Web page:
Scrum And DevOps

DevOps is not about tools and automation in the delivery pipeline. In fact, as we have learned tools and automation is only one-third of DevOps. In overall, DevOps is about Collaboration & Collective Ownership, Focus on the flow of value delivery and Learning and experimentation culture. But sadly, many tooling vendors position DevOps as tools and process for the delivery pipeline. This will get the management excited because many managers think that after buying and installing the “DevOps” tools without changing their organisation will make their company instantly agile. This is like putting the cart in front of the horse.

In this article you can read that Scrum and DevOps actually share more in common than most realise. Just like how Scrum is not about tools and process, the DevOps Three Ways is also about values and principles:

How to Work with Complex User Stories That Cannot Be Split

Most user stories can be split. It may be hard to find a good way to split some stories, but most can be split. These are known as compound stories—stories that are made up of multiple smaller stories.

There is another type of story: the complex story. Complex stories are ones that cannot be split. They are inherently large or complex and there are no subparts to be pulled into separate stories.

Even with a complex story, you don’t want to let the story linger open for three, four or more sprints. Doing so

  • Makes velocity less predictable from sprint to sprint
  • Increases the risk of a developer going astray from user expectations , and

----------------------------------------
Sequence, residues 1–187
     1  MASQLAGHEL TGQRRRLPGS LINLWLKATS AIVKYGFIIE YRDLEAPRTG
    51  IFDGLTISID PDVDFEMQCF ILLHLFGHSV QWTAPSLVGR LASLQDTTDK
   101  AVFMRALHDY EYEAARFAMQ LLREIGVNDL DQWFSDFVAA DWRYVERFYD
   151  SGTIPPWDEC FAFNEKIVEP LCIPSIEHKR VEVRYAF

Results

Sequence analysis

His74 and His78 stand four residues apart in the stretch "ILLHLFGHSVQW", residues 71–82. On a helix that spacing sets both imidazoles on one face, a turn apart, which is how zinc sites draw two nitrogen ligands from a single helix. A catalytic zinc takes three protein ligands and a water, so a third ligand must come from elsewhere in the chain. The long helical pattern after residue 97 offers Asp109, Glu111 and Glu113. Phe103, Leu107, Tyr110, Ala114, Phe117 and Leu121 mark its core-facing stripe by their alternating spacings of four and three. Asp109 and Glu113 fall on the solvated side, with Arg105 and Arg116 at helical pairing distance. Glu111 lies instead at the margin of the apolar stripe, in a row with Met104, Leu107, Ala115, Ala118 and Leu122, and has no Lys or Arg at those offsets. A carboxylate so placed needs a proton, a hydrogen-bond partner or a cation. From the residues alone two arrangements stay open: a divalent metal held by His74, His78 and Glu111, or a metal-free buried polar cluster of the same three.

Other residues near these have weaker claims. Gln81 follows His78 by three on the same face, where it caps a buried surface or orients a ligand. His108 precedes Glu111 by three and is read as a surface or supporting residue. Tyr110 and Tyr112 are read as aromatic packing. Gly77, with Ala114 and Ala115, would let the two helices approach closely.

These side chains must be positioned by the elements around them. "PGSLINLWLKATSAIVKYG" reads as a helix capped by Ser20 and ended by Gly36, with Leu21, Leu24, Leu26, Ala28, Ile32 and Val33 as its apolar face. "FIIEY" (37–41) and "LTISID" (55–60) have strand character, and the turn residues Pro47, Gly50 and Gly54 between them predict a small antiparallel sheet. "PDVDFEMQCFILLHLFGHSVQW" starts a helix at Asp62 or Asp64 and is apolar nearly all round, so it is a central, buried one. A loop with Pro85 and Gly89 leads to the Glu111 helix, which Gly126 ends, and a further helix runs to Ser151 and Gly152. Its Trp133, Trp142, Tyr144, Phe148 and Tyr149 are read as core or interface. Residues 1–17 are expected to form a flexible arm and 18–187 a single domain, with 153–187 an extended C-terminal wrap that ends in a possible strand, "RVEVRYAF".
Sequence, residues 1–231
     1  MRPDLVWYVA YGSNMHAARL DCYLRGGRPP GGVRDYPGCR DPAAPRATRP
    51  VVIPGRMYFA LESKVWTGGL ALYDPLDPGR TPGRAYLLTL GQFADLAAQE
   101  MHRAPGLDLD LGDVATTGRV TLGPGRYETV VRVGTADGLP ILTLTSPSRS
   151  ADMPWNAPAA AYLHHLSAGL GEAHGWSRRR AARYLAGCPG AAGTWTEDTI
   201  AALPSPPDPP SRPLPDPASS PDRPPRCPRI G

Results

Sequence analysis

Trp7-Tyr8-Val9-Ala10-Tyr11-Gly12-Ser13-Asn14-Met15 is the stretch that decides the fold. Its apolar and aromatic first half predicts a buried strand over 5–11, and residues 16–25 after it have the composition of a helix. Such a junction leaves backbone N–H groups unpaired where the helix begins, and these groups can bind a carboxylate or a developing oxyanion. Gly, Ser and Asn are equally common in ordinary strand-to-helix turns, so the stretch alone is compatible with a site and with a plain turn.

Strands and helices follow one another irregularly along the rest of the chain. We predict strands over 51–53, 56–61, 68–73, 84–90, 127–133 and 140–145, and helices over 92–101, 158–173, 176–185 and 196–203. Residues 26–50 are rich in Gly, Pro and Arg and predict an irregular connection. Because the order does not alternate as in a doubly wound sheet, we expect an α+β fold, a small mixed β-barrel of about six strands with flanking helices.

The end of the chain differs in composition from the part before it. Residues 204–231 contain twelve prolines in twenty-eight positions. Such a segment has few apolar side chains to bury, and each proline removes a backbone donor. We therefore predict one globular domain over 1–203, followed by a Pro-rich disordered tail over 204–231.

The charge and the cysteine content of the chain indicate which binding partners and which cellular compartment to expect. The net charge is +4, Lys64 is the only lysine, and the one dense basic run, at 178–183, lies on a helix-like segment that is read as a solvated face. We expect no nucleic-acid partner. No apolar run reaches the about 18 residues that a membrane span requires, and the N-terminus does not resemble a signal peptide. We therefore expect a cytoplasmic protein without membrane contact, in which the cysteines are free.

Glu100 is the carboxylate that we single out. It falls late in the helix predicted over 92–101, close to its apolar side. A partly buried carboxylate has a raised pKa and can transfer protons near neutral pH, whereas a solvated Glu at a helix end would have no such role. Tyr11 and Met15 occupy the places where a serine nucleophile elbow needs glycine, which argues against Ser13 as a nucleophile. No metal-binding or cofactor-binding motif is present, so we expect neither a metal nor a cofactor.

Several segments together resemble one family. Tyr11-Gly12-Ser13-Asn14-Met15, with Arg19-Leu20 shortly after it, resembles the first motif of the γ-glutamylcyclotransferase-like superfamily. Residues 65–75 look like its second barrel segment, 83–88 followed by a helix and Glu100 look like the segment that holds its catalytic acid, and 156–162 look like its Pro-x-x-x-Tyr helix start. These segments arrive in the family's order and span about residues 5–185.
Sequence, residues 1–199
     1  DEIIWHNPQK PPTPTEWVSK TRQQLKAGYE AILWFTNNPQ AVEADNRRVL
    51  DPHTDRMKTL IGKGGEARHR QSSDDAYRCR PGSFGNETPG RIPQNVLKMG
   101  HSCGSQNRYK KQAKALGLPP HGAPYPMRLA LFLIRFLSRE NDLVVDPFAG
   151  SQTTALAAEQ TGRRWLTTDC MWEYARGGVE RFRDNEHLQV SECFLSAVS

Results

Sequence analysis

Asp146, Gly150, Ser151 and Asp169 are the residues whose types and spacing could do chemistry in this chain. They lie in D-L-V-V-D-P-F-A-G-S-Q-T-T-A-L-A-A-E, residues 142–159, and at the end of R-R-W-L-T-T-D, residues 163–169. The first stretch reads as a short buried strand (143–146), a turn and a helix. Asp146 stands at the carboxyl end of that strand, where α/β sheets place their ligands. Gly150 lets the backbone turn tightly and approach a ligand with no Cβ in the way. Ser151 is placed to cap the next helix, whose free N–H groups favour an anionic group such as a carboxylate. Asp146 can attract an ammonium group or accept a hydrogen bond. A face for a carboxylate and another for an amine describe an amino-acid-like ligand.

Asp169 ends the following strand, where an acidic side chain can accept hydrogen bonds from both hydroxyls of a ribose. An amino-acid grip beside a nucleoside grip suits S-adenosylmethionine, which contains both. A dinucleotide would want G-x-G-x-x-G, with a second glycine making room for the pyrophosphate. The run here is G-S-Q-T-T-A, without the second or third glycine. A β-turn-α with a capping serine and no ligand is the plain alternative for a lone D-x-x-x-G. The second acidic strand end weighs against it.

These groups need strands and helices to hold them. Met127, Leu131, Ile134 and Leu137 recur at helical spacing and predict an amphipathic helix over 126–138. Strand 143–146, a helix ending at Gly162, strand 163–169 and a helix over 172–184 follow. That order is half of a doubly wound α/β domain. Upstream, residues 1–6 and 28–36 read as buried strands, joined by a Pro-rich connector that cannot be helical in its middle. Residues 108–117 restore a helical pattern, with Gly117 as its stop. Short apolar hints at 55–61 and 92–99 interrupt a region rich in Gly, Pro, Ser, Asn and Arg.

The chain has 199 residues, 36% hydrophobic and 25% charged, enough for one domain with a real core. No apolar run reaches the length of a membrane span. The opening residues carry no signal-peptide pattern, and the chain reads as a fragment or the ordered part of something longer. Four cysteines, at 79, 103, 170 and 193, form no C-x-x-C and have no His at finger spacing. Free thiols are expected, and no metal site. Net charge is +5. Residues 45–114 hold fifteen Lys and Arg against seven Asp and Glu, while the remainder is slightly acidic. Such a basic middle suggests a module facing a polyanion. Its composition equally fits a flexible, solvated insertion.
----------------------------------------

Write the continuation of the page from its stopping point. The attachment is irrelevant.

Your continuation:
• Allows the team to develop the bad habit of leaving work incomplete at the end of an iteration

Use Progress Points to Identify Accomplishments

Read about it in this article:

Use ‘25/10 Crowd Sourcing’ to quickly generate new ideas with groups

‘25/10 Crowd Sourcing’ is a structure that allows you to rapidly generate and sift through a group’s boldest actionable ideas in less than 30 minutes. Christiaan Verwijs has applied this structure both to small (12–20 members) and large groups (>150). Not only is it an innovative way to identify bold, ‘out of the box’-solutions, it is also appreciated by participants for its highly active nature.

Read about it here:

Facilitation Canvas

Anthony Boobier created the Facilitation Canvas as a tool to help facilitators prepare to run a session. He uses it as part of their ICAgile team facilitator course. The canvas is made up of 8 boxes, each with an associated set of prompt questions that I have found work well as a guide when filling it out.

Read all about it here:

Road to PSMIII

Sjoerd Nijland has written a nice series of blogposts about his road to PSMIII:

Definition of Scrum

Empiricism: Transparency

Empiricism: Inspection, Part One

Empiricism: Inspection, Part Two

Empiricism: Adaptation

Scrum Values

The Scrum Team

The Scrum Master

The Scrum Master’s responsibilities

The Product Owner

The Development Team

The Sprint

Sprint Cancellation

Scrum’s Artifacts

The Product Backlog